Get to know the powerful new addition to the Scarlets back-line who is part of Wales’ autumn squad
Scarlets centre Johnny Williams
He burst on to the scene as a teenager at London Irish, was diagnosed with cancer while at Newcastle and is now embarking on a new chapter at Scarlets.
Here Scarlets centre Johnny Williams, who has been named in Wayne Pivac’s Wales squad for the Autumn Nations Cup, tells his story…
I started playing rugby when I was six. My dad is big into rugby and took me to Redingensians; I never looked back. I played once or twice at No 8 but I definitely prefer being in the backs. Lifting people in lineouts and scrums – I prefer watching that stuff!
My first year out of school I was playing for London Irish in the Premiership. We weren’t doing too well and I was chucked in at the deep end in a high-pressure environment. A lot was riding on those games but it made me a lot stronger as a rugby player, knowing how to deal with those situations from a young age.
I’m still considered young but I’ve got more experience than most 23-year-olds because I was thrown in quite early. It’s a shame we got relegated that year but I was grateful for the opportunity and the experience it gave me.
You can’t just be a crash-ball player now. That’s how the game is evolving. I was bigger than my school friends but don’t consider myself big in a professional environment – there are some monsters! I pride myself on my ball-carrying and it is a strength, but you have to have more strings to your bow. I back my skill-set, my offloading, my kicking.
My time at Newcastle was up and down. In my first year we played really good rugby but had a tough start against top-of-the-league teams, got into a bit of a losing habit and lost confidence. We beat Toulon and Montpellier in Europe, which are some of the best moments of my rugby career, but we also got relegated, which was a massive step back from coming fourth the previous year.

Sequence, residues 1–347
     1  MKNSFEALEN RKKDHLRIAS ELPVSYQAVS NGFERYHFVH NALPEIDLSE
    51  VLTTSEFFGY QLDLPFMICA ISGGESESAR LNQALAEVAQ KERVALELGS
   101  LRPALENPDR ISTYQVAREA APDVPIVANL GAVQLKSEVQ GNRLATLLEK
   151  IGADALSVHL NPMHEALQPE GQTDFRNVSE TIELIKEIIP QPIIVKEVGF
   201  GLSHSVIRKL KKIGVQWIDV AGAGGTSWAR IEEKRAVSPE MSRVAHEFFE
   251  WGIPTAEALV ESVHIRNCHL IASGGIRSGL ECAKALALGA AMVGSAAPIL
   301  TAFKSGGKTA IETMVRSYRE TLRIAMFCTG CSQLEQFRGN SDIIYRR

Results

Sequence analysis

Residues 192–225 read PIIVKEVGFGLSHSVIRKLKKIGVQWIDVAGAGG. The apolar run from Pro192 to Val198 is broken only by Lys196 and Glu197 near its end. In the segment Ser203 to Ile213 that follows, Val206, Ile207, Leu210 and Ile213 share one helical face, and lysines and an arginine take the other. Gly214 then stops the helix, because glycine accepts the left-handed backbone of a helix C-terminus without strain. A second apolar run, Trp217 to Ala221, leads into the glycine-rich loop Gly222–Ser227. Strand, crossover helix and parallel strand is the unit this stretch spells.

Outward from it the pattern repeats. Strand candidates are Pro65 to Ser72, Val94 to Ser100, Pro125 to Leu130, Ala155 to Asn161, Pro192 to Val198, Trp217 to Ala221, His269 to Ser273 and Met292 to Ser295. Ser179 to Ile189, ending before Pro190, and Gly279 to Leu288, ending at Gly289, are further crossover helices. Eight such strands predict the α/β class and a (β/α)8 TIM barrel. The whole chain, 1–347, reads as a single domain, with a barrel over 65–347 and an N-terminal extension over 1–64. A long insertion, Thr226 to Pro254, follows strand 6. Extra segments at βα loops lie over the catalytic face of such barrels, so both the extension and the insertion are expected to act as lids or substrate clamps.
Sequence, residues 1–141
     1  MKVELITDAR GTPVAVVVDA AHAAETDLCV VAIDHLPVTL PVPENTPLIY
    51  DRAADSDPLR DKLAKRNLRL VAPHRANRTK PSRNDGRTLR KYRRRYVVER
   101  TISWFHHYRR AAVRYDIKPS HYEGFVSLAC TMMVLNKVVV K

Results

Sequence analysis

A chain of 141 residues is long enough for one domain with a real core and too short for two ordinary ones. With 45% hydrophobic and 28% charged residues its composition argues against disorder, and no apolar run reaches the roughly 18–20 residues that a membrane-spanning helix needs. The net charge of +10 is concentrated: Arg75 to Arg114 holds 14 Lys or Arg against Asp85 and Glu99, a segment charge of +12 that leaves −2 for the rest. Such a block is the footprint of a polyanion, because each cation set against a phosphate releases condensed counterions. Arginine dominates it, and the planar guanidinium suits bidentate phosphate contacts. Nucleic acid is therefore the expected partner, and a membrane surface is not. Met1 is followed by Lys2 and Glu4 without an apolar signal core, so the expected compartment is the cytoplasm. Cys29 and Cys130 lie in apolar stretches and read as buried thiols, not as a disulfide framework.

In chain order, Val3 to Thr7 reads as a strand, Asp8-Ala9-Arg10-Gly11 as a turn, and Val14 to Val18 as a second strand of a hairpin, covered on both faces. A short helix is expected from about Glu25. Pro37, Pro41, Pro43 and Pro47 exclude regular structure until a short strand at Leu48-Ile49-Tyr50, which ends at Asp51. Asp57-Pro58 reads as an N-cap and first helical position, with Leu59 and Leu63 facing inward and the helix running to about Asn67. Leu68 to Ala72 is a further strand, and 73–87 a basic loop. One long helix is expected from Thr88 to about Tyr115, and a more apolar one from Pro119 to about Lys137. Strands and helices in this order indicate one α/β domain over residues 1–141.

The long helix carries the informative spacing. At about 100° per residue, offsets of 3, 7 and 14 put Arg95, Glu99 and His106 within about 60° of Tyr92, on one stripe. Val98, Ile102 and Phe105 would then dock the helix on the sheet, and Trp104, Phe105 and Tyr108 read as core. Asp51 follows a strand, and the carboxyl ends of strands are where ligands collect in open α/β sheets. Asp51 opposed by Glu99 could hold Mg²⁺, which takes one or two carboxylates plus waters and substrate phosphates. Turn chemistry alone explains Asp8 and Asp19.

I went to see three doctors before being diagnosed with testicular cancer last year. Two told me there were no lumps and bumps so not to worry. I left it for a few months, but it (testicle) just got bigger, more swollen, harder and more painful.
I took a small knock to that area in training and it still hurt hours later, so I dropped my pride about asking the club doctor to look at my nuts. He rushed me for a scan, they found a tumour and I was booked in for surgery to have it removed.
I had to do one course of chemo. If you don’t have chemo there’s a 20% chance of it coming back and if you do it’s 5%, so whilst I was young I opted to do it. I spent four days in hospital on a 24-7 drip. I wasn’t prepared for how intense it is and was quite ill for two weeks afterwards.
It’s given me a new perspective on life. I don’t take my health or my job for granted. I never thought it would happen to me and was quite naive to it. I was lucky that I knew two players who’d had it, so I could ask them questions and knew they’d both got back playing. It was good they caught it early and my goal was then to be back playing as soon as possible.
I trained through December and I was back playing in January. Even those first games back I felt like I was playing my best rugby and that I was back where I left off, but then Covid hit and that was a momentum ruiner.
Moving to the Scarlets is a massive opportunity. I know the coaches (Glenn Delaney and Richard Whiffin) from London Irish; those guys really believed in me as an 18-year-old.
Plus, attacking rugby is in the Scarlets’ DNA and I think that suits me. The Scarlets back-line is more or less the Wales back-line – Liam Williams, Leigh Halfpenny, Jonathan Davies… I’m looking forward to playing with all of them to see where I am as a player and what I can learn.
My dad was born in Rhyl, North Wales, so I’m Welsh-qualified. He had a debenture at the Millennium Stadium so growing up I remember watching Wales play big games there – Wales-England, Grand Slams, All Blacks… I’ve played rugby in England and was brought up in England, but I’ve also seen my dad so passionate about Welsh rugby. Hopefully the opportunity to play at international level comes along. But I’m not taking anything for granted.
I’ve got a property development project in Reading that my mum is helping me with. It’s a really rundown house that needs a lot of work, so it’s a big job and my mum is project managing it. That takes up a lot of my time away from rugby and I also want to do a course in wealth management.
This article originally appeared in the October 2020 edition of Rugby World magazine.
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